In January 2023 Treasury proposed a lower than arm’s length (or nil) expense (NALE) be multiplied by five.
For example, NALE of $1,000 would therefore give rise to $5,000 (5 x $1,000) of non-arm’s length income (NALI), taxed at 45% ($5,000 x 45%); resulting in $2,250 tax or an effective tax rate of 225%. (See our prior article that provided a snapshot on Treasury’s Consultation Paper on ‘Non-arm’s length expense rules for superannuation funds’ dated 24 January 2023 (Treasury Paper). Click here to access this article.
Fortunately, the 9 May 2023 Federal Budget announced some good news on NALE. The key change for the SMSF industry was the 5 times multiple being reduced to two. This will result in a lower NALE expense of $1,000 being multiplied by 2 (2 x $1,000) and then taxed at 45% ($2,000 x 45%) resulting in $900 tax or an effective tax rate of 90% on NALE.
On 19 June 2023, Treasury released Exposure Draft ‘Treasury Laws Amendment (Measures for Consultation) Bill 2023: Non-arm’s Length Expense Rules for Superannuation Funds’ (NALE Bill) together with Exposure Draft Explanatory Materials (NALE EM).
The NALE Bill and NALE EM provide guidance on the NALI changes announced in the Budget which are discussed below.
The proposed 2 x change only applies to a lower general expense relating to an SMSF or small APRA fund and not in relation to expenses relating to specific assets (or income sources). The NALI rules in relation to specific assets (or income sources) have been operating well before the NALE changes commenced from 1 July 2018.
Example applying a 2 x multiple:
If an SMSF trustee uses a member’s brother’s accounting firm’s services, which would usually cost $5,000 under an arm’s length relationship but is not charged any fee, this is considered NALE as the parties were not dealing at arm’s length. Therefore, the tax payable would be calculated as follows:
- 2 x $5,000 = $10,000 NALE
- $10,000 x 45% = $4,500 tax payable by the fund.
Note that where the product of 2 x the NALE is greater than the fund’s actual taxable income, a “upper cap” will be the fund’s taxable income for the income year not including any assessable contributions or any deductions against assessable contributions.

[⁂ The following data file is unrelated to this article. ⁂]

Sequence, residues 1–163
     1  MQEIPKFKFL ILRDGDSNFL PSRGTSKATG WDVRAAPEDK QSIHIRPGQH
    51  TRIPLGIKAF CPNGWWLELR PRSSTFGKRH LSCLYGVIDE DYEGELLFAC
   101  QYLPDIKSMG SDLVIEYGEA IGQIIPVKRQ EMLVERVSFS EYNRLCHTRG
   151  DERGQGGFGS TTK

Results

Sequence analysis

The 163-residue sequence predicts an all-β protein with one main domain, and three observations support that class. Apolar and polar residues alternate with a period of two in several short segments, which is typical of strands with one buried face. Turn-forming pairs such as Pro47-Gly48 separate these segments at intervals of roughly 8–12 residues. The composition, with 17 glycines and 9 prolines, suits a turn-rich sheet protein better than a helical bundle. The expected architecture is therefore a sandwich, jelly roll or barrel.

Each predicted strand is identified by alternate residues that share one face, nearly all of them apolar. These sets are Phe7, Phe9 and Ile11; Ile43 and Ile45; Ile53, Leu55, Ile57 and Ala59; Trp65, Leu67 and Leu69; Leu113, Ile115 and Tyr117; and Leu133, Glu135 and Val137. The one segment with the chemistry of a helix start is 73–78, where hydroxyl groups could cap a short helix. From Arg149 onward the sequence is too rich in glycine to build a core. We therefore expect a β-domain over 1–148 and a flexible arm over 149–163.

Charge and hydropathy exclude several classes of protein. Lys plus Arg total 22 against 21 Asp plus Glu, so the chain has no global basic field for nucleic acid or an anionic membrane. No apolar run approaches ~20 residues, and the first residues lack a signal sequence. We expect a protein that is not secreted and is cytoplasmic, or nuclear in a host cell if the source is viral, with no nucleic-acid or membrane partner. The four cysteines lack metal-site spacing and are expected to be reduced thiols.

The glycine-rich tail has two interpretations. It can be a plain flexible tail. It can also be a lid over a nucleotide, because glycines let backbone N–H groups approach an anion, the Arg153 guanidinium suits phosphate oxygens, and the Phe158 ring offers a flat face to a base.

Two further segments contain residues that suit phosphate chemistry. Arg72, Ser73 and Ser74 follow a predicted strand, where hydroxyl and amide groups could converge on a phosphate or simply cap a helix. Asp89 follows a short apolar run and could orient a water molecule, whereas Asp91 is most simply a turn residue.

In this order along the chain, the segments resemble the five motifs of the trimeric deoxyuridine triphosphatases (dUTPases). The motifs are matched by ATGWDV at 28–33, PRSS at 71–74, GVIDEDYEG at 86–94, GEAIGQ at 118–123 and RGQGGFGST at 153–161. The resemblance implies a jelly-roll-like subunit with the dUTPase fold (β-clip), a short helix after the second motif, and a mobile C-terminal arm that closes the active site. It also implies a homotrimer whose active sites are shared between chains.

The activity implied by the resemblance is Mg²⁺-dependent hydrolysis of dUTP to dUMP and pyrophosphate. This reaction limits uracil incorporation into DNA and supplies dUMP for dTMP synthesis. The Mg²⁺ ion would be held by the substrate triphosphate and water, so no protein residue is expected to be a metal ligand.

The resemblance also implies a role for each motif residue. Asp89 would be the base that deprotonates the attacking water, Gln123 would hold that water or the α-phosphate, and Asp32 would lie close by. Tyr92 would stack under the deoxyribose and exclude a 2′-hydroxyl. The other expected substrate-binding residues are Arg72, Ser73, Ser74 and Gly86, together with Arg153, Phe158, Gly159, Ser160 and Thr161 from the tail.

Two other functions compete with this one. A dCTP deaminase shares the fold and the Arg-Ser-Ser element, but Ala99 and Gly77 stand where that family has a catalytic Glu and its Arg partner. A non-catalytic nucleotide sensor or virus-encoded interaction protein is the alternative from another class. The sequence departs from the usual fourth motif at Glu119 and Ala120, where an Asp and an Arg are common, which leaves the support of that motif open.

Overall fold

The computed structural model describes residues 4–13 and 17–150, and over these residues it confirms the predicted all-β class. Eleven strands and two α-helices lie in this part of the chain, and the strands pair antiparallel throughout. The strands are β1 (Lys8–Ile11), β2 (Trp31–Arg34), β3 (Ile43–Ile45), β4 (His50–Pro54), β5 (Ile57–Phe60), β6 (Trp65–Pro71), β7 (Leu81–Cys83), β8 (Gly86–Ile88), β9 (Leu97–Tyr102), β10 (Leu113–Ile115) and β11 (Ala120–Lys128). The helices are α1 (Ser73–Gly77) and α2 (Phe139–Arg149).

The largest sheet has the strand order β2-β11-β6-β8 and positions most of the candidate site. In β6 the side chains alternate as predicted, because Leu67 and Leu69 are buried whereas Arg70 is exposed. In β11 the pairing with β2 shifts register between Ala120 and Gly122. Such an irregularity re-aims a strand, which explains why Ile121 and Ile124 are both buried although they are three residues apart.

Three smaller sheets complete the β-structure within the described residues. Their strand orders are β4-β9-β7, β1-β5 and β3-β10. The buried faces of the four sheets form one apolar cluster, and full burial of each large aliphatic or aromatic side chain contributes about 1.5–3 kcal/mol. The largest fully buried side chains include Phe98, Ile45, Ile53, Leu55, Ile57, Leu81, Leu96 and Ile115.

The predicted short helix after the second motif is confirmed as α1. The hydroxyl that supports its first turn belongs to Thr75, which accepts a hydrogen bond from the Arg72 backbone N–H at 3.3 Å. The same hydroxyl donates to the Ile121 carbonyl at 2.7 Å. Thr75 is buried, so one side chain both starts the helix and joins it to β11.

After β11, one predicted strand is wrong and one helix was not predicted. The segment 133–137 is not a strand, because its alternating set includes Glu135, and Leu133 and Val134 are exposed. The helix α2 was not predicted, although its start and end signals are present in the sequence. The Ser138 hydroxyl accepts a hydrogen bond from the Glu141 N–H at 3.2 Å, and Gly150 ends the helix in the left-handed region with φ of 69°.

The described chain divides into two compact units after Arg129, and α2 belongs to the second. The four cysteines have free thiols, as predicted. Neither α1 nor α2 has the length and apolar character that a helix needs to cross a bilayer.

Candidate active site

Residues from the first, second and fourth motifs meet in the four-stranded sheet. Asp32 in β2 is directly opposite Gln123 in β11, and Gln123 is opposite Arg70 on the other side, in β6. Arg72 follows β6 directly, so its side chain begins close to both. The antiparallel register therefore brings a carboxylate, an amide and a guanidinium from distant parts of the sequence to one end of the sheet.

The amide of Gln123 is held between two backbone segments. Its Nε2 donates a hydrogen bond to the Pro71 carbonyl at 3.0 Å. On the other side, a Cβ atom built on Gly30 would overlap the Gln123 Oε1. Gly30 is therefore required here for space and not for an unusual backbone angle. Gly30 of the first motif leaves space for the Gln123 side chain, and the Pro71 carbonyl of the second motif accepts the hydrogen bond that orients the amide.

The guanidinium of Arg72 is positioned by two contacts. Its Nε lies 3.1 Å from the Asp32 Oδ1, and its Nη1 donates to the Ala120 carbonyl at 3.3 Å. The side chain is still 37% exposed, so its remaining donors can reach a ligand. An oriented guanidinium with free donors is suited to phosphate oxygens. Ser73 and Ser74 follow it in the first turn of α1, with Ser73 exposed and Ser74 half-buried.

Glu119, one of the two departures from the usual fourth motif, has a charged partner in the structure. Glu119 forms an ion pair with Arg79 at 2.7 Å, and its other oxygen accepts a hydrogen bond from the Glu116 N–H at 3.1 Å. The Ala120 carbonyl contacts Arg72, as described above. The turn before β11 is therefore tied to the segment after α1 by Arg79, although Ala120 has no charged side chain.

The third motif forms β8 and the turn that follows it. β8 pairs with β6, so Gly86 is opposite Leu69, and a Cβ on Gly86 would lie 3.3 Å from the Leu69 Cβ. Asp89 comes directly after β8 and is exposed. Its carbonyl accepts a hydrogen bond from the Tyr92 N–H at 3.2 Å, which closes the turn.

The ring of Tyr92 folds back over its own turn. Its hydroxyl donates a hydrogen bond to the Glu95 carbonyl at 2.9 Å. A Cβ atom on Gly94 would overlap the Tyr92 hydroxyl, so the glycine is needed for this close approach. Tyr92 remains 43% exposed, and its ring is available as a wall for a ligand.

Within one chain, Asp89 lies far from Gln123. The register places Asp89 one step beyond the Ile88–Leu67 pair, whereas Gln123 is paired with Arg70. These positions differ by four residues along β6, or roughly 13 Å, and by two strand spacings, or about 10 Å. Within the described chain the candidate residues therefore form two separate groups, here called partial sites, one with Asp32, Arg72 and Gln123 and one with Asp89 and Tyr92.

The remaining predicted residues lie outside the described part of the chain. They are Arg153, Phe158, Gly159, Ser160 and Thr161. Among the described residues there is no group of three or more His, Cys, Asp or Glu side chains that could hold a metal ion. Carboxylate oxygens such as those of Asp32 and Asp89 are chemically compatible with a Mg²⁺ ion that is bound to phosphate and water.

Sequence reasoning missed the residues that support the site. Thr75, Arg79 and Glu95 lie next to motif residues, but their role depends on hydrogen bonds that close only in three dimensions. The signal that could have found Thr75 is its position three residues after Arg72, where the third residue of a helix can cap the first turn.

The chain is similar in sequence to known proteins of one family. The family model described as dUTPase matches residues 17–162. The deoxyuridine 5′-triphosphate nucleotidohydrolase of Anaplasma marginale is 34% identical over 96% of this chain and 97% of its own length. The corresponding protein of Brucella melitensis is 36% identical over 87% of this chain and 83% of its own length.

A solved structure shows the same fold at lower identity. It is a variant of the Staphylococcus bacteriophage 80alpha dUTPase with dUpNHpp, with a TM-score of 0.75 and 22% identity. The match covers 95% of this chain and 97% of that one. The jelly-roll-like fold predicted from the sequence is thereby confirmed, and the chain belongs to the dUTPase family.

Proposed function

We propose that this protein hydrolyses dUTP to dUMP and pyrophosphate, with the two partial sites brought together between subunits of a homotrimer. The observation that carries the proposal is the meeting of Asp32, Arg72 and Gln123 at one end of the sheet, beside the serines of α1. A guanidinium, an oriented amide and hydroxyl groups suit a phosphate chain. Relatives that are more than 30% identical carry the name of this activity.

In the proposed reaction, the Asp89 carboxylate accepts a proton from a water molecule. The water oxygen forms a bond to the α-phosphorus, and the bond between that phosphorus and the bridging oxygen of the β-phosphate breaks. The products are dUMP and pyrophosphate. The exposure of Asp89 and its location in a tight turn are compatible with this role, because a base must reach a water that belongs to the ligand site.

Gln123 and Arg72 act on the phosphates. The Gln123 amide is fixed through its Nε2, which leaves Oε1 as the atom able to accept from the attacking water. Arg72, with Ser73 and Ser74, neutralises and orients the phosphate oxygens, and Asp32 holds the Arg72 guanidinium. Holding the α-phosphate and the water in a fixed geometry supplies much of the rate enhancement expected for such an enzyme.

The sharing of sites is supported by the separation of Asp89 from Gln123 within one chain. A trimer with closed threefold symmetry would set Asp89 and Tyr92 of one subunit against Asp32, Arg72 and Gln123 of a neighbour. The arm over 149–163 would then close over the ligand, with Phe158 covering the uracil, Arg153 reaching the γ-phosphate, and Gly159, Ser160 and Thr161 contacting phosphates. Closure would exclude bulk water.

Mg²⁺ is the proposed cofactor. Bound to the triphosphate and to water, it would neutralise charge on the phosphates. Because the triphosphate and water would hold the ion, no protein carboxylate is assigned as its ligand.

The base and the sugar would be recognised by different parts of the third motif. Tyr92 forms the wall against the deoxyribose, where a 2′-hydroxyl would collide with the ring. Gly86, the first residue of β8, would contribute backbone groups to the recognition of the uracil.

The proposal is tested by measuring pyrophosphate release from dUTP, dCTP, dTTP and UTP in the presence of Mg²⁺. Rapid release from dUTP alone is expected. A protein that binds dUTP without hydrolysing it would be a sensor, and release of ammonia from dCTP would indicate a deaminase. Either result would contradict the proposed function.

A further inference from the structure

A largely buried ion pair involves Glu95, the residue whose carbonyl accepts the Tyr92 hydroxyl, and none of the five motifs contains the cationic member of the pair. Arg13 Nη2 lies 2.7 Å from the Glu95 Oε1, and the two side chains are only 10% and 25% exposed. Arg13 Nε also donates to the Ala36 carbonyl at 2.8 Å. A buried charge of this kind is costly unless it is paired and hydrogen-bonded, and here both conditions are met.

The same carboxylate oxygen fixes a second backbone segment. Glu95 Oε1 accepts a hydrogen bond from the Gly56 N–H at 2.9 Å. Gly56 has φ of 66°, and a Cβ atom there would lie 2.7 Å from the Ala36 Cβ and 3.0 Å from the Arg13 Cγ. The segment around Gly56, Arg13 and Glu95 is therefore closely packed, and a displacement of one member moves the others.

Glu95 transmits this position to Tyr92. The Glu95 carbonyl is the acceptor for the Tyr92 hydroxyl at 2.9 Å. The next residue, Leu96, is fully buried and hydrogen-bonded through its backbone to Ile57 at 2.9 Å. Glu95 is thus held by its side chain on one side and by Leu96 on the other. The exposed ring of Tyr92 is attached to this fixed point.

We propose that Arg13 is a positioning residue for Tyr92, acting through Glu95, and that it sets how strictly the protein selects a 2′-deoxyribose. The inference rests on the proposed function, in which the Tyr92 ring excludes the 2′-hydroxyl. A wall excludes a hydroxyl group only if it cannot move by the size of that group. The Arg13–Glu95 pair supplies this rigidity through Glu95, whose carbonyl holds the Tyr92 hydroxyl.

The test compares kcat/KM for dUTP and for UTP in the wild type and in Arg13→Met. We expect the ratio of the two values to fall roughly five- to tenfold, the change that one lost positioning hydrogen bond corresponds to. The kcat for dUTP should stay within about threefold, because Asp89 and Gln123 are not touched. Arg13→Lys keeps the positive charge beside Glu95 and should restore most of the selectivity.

Referring to the above example of the SMSF member’s brother’s firm providing accounting services valued at $5,000 for free, where the amount of NALI under a 2 x is $10,000 but the fund’s actual taxable income is only $6,000, the upper cap, would result in $6,000 of actual taxable income being taxed at 45% rather than $10,000 of “notional” NALI.
Other proposed changes
The 2 x multiple in the NALE Bill will not apply to a loss, outgoing or expenditure of capital or of a capital nature. This is a new development as previously NALE was focused on a general expense, whether of a revenue or capital character.
Advisers will therefore have to apply their tax skills to determine whether NALE will be capped by the 2 x multiple if the NALE is not on capital account. Thus a general expense of a revenue nature should qualify but a capital expense of a general nature will not.
Specific v general expense
The NALE EM states:
1.5 Any non-arm’s length expense will be either a specific expense or a general expense. A general expense will be an expense that is not related to gaining or producing income from a particular asset of the fund. A specific expense will be any other expense. An expense incurred in relation to gaining or producing income as a beneficiary of a trust through holding or acquiring a fixed entitlement to the income of a trust will always be a specific expense.
1.6 For specific expenses the existing treatment will continue to apply, and the amount of income that will be taxed as non-arm’s length income will be the amount of income derived from the scheme in which the parties were not dealing at arm’s length.